Well, this may really be a case of you read it here first. Of course, it might not materialize, and then people would be annoyed with me (see previous story).
“Amazon’s the devil — and I love it”
by author Art Edwards, we see the portrayal of Amazon and as a predatory threat to books…and yet, the author ironically notes, the Kindle is cool.
I thought Jeff Bezos response on Charlie Rose recently about being called a “disruptor” was interesting. The Amazon CEO said that disrupting wasn’t the goal; innovating was the goal, and disrupting was an associated effect. Jeff claims to be working from the customer backwards, rather than specifically targeting competitors (which, gallant as we can count on Mr. Bezos being, was cited as another viable approach). It’s not that Amazon is trying to crush competitors in the described model: it’s that they are trying to do things better, and when they do, that must inevitably upset the status quo.
I recommend the article: it’s an interesting take on this ambivalent viewpoint some people have.
Simon & Schuster & Harper & Collins?
There were articles about this in my Flipboard read this morning, and a reader also sent me a heads-up in a private e-mail.
It appears that News Corp may be in talks to acquire Simon & Schuster and merge it with their HarperCollins publishing entity.
This would be partially motivated by the recent merger of Random House and Penguin.
One issue is simply to have the resources to compete. Random House is huge, and what they unfortunately elected not to call “Random Penguin” is bigger. If you need to outlay large amounts of money to attract brand name authors, and/or to innovate significantly in your business practices, size helps.
Mergers also can result in eliminating redundant positions, which creates a net efficiency (of course, some people who leave might become competitors, working either for Amazon or publishing independently…the latter much more possible now that you don’t need giant physical book factories and distribution chains to compete).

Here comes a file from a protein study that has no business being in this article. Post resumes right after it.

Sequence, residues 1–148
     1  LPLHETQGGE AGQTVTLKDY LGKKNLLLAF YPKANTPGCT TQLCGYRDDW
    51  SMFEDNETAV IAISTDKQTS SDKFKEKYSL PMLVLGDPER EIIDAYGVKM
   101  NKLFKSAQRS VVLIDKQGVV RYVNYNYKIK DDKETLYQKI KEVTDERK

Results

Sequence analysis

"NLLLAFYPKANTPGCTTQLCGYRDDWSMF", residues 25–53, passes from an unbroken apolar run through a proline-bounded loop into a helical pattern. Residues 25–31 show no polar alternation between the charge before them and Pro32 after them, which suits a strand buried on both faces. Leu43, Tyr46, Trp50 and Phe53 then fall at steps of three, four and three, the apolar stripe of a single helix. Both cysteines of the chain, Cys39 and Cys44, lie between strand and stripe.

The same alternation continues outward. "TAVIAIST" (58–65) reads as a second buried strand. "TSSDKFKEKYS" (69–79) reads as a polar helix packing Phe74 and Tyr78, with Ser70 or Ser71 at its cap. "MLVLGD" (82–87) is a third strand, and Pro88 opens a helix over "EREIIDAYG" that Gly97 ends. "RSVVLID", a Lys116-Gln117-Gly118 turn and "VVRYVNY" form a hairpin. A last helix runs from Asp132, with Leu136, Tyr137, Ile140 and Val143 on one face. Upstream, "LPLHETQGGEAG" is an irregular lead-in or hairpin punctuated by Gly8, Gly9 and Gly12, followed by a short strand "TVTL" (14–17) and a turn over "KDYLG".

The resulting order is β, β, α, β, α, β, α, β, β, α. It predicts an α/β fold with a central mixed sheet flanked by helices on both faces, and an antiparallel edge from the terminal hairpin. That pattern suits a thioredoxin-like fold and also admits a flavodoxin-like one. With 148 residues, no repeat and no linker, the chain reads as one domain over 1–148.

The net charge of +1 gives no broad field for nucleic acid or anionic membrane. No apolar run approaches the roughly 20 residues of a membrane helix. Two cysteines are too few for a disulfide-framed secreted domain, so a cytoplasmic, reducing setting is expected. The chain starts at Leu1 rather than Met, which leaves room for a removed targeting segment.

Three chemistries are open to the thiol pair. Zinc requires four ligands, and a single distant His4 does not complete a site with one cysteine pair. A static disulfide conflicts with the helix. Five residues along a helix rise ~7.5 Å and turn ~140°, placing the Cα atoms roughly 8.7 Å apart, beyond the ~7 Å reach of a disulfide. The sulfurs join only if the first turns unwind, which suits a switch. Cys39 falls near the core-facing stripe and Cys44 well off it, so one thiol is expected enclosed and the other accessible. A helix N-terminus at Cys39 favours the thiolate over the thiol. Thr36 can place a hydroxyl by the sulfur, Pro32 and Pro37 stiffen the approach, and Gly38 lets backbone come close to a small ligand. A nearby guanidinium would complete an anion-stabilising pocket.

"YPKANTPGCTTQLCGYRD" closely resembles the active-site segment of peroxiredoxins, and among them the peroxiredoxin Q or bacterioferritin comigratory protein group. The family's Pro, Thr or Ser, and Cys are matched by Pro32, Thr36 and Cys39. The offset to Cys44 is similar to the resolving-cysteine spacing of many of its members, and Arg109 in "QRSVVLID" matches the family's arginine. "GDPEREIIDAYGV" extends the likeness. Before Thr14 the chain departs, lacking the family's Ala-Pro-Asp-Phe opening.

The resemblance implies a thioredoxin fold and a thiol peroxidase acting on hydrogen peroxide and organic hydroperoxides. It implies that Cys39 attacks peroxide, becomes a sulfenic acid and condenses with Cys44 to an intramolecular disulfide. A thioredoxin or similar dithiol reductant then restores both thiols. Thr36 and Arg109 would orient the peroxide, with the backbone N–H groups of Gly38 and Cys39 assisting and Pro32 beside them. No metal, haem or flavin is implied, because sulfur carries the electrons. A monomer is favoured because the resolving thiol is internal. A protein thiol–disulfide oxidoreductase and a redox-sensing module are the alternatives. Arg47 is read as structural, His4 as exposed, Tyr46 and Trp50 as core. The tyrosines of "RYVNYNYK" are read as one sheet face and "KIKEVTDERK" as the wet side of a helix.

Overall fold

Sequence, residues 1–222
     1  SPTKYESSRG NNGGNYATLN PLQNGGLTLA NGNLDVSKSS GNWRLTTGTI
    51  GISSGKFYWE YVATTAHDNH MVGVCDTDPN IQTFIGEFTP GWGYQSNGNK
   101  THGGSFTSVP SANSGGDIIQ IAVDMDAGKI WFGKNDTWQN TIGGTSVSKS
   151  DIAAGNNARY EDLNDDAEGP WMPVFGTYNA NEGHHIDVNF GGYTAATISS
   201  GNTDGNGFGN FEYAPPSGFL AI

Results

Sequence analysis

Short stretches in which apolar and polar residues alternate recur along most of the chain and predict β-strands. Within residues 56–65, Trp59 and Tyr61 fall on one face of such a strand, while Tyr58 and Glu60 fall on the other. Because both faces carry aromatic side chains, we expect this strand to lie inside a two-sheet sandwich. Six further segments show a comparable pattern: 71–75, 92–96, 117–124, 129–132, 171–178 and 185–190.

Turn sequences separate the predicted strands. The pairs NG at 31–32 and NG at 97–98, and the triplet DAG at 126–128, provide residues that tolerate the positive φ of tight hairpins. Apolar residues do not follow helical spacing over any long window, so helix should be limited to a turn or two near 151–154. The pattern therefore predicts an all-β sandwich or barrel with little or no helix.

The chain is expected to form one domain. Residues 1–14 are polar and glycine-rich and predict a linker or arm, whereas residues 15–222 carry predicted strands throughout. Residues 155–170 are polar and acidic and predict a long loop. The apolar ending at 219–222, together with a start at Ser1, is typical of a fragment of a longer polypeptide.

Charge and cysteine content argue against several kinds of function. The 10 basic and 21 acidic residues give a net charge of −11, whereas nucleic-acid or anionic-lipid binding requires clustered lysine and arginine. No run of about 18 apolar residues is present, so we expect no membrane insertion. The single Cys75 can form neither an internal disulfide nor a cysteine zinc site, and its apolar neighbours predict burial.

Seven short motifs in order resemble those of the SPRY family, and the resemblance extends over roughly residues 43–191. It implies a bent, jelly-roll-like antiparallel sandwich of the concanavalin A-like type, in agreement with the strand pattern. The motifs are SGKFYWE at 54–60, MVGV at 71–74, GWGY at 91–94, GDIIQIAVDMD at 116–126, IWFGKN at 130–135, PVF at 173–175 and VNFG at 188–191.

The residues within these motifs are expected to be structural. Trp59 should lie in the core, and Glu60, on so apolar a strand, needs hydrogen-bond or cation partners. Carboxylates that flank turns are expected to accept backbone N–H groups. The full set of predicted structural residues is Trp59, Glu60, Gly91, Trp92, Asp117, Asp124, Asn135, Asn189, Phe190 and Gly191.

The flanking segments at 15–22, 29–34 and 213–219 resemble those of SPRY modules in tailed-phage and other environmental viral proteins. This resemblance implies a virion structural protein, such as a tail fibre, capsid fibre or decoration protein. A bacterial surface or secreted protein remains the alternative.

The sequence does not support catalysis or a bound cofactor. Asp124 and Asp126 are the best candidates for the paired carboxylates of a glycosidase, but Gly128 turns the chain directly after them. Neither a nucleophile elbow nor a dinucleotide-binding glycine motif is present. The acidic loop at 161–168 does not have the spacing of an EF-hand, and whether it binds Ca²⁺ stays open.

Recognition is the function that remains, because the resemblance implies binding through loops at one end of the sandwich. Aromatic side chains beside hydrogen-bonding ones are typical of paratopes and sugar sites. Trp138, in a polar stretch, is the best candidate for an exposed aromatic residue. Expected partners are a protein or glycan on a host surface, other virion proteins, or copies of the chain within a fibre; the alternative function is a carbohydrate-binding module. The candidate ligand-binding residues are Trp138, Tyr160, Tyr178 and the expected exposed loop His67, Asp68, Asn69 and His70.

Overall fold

Eventually, will we just get down to one company which, like the Rollerball movie suggested, might be called just “Books”?
Would this possible merger be a good thing for customers?
I like competition, and I like that publishers have different attitudes. Let’s say that each of these publishers currently has ten risky imprints. When they combine, do they go with twenty niche markets, or do they pick the ten best out of the twenty? I’m guessing the latter is the most likely.
I think these two are a reasonable fit, though, probably more so than Penguin and HarperCollins would have been. HC has Zondervan, an evangelical imprint, and Simon & Schuster has Theshold Editions, a politically conservative imprint. I’m thinking those two can get along…it would be different if you were trying to merge Zondervan and, say, Llewellyn (which publishes New Age, and has had a focus on astrology in its past).
All mergers need approval, and this article suggests these are only preliminary talks.
What do you think? Does it make any difference to you emotionally if publishers merge? Is that a threat to Amazon? Is Amazon the devil? Should the success of the Kindle have been obvious? Feel free to let me and my readers know what you think by commenting on this post.